John Patrick Shanley first visited his father’s birthplace in Ireland in 1993, and Outside Mullingar, which opened last year in New York, is a clear response to what he found there. We know this Ireland he depicts — rural, muddy and barren; we know of its isolated farms and the men forced to wait until middle age and beyond to inherit — unmarried, introverted, bitterly virginal. To this vision, Shanley adds an outsider’s clarity and skepticism, clouded by a strong dash of American sentimentalism. And near the end, he throws in a revelation so cockeyed and eccentric that it snaps credulity and detracts from the depth and authenticity of what’s come before.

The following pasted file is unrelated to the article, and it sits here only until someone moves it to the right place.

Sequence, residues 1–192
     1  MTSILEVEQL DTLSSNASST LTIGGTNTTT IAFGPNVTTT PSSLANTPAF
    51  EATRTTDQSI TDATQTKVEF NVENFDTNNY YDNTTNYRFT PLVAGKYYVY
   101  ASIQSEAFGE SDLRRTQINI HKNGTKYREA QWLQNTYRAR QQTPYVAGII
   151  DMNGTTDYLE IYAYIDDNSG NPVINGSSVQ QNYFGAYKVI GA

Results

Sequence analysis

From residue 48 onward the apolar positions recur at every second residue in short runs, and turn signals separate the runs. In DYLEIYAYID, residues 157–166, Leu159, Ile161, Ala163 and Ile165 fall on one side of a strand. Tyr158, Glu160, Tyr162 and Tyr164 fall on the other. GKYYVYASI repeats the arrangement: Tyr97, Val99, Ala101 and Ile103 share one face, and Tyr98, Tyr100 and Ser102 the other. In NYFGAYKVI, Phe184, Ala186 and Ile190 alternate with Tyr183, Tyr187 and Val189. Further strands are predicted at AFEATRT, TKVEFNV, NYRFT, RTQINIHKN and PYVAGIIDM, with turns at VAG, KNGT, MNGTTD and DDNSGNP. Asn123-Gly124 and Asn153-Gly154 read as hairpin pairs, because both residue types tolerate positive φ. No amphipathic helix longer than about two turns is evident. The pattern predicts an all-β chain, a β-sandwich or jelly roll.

The glory of the play lies in the language. Shanley — who won multiple writing awards, including an Oscar for the screenplay of the charming romance Moonstruck and a Pulitzer for Doubt: A Parable, which explores the case of a rigid, uncompromising nun and a beloved priest accused of sexual impropriety — has a great ear for speech, and the dialogue is often reminiscent of the great Irish dramatist John Millington Synge. It has the same flow and provides the same bounty of pure aural pleasure, along with wonderful moments of humor and tidbits of poetic insight. So even after the cockeyed revelation (and although it took a certain act of will), I remained enchanted by this play, and hoping everything would work out for a central couple twisted by lifetimes of disappointment and kept apart by anger and fear.